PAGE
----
Here, the probate court considered all the documents submitted and the arguments made on the issue of whether the $72,156 claimed accounting fees due to the complexity of the estate should be allowed as costs payable by the estate, and specifically found the amount of $17,899 payable to Brown for "probate accounting" should be paid by Montag and not the estate. In not allowing that cost against the estate the court stated:
"I think it is well-established probate practice that if one hires a professional to assist in carrying out one of the ordinary duties of being a personal representative, then the fees should be adjusted accordingly." In determining Montag should pay for the "services that can be attributable to her carrying out her duties," the court noted the case was of some complexity and the executrix's statutory fee would be quite sizable. It was also clarified the court was not ordering a surcharge against Montag, but simply ordering her to pay the amount "attributable to the preparation of the probate accounting."
Montag's argument the statements of the court concerning the complexity of the estate show it abused its discretion by not allowing the costs for complicated accounting matters which are necessarily compensable extraordinary services is meritless. In support of her argument, she cites language in 2 California Decedent Estate Practice (Cont.Ed.Bar 1989) section 20.13, that "[o]rdinary representative's services include uncomplicated ones ..." for the proposition the accounting of a complex estate is extraordinary and should be paid for by the estate. However, this cited language does not foreclose the possibility complicated services might be ordinary. (See Estate [228 Cal. App. 3d 432] of Buchman (1955) 138 Cal. App. 2d 228, 235 [291 P.2d 547].) Nor does it take away the discretion of the probate court to allow or disallow extraordinary fees based on claimed extraordinary services. (Estate of Walker (1963) 221 Cal. App. 2d 792, 795-796 [34 Cal. Rptr. 832].)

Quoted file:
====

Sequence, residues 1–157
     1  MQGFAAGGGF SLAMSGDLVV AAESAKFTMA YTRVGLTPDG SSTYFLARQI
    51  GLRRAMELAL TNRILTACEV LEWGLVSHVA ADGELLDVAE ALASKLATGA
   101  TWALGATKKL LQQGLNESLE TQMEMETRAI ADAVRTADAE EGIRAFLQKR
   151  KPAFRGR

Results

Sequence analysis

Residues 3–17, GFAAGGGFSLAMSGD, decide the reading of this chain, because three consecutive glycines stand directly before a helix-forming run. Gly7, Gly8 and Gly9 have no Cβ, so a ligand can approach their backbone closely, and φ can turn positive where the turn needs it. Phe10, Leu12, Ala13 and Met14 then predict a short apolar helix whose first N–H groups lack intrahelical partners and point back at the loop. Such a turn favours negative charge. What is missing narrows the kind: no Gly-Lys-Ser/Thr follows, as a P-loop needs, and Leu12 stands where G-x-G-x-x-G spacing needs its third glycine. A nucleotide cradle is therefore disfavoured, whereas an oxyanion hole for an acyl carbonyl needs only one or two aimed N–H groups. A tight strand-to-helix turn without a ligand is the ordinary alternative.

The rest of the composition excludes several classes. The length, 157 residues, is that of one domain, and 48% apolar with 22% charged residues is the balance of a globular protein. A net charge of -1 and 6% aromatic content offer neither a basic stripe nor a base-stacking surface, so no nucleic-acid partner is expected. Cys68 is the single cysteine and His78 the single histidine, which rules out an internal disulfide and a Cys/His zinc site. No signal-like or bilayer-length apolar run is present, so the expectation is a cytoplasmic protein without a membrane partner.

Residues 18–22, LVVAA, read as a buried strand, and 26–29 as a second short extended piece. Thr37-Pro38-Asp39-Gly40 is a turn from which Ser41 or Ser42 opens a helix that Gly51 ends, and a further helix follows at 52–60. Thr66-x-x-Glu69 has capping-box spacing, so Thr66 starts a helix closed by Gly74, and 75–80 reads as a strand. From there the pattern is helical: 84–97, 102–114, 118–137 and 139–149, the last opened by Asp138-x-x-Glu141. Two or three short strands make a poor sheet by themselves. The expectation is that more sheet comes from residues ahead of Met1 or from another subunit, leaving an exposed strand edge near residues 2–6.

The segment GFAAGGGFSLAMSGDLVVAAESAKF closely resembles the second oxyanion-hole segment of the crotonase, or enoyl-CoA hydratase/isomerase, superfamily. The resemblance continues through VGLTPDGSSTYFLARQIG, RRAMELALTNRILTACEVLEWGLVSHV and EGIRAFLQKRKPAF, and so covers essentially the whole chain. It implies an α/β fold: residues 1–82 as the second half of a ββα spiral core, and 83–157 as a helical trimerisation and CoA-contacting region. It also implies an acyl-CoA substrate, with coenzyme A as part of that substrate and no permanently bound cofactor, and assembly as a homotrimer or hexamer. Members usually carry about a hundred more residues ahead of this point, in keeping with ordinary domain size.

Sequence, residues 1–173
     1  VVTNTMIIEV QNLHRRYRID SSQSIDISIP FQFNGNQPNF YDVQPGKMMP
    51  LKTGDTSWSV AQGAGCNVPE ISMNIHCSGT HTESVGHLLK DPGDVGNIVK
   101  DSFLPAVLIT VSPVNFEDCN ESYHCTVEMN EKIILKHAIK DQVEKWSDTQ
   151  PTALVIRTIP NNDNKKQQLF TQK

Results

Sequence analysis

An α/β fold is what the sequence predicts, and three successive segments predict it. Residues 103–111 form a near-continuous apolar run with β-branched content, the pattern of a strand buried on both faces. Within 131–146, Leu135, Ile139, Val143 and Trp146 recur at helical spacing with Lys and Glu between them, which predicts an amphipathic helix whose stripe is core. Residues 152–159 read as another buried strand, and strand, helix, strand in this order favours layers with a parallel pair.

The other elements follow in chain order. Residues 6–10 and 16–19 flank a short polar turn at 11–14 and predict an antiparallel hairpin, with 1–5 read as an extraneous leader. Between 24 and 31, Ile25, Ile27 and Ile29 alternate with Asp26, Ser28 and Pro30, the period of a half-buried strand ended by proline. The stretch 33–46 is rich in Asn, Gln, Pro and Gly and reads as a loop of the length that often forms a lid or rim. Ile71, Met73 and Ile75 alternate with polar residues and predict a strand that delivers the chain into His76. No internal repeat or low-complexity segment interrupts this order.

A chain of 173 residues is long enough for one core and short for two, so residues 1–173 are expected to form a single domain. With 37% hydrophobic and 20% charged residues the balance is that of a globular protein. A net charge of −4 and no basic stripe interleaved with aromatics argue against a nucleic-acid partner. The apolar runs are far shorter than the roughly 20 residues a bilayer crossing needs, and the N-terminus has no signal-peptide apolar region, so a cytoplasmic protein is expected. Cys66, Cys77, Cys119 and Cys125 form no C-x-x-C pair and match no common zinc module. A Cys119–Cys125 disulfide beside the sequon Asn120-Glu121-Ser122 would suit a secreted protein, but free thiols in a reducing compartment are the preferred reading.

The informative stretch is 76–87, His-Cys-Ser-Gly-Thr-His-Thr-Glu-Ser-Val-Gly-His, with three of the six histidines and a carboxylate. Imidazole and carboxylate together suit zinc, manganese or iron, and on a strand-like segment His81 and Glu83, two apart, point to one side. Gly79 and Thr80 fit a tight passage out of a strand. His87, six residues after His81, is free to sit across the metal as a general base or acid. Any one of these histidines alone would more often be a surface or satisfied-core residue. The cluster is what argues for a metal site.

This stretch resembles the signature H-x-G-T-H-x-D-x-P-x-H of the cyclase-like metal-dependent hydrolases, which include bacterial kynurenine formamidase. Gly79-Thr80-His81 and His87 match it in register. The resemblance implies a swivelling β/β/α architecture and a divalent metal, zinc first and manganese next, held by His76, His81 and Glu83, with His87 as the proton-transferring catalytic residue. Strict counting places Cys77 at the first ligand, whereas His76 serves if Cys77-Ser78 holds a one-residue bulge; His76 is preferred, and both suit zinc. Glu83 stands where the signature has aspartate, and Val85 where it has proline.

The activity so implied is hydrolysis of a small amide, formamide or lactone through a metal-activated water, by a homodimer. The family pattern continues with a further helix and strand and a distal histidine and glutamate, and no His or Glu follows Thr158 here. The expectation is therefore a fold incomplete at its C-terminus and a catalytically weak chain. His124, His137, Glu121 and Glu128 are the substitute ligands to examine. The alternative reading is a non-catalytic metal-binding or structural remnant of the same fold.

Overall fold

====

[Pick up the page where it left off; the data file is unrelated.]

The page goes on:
Likewise, Montag's reliance on Estate of Broome (1912) 162 Cal. 258 [122 P. 470] and Estate of Boggs (1939) 33 Cal. App. 2d 30 [90 P.2d 814] to support her contention abuse of discretion is shown because the law allows her to charge all accounting expenses to the estate due to its complexity is misplaced. These cases merely permit the court to exercise its discretion to allow such payment; they do not require it.
In Broome, the court noted, "[the probate] court, in the exercise of its discretion, will allow or disallow [payment for an accountant], as it shall determine the propriety or necessity of the employment by the administrator of this expert knowledge and skill ...." (Estate of Broome, supra, 162 Cal. at p. 267, italics added.) Similarly, in Boggs the court stated, "An executrix should be allowed expert assistance in handling the estate if the employment of an expert is reasonably necessary and it is largely within the discretion of the probate court to determine whether such employment is reasonably necessary." (Estate of Boggs, supra, 33 Cal.App.2d at p. 33, italics added.)
We conclude Montag has not shown any abuse of discretion by the probate court in "reducing" her claimed fee.  Rather, based on its finding a portion of the claimed accountant's fees were for her duty of ordinary probate accounting as executrix of George's estate, it properly determined those fees should be paid out of her statutory fees.fn. 3
IIfn. *** [228 Cal. App. 3d 433]
The order of the probate court is affirmed. The parties are to bear their own costs on appeal.
Kremer, P. J., and Nares, J., concurred.
FN 1. Pursuant to California Rules of Court, rule 976.1, this opinion is certified for publication with the exception of part II.
FN 2. All statutory references are to the Code of Civil Procedure unless otherwise specified.
FN 3. Both the probate court and the parties at various times in these proceedings have characterized the denial of Montag's full claim to statutory fees as a "surcharge." However, that term as defined in the law, "[t]he amount with which a court may charge a fiduciary who has breached his trust through intentional or negligent conduct" (Black's Law Dict. (5th ed. 1979) p. 1292, col. 2), has no application in this case. The probate court expressly so found and the record supports this finding.
FN *. See footnote, ante, page 426.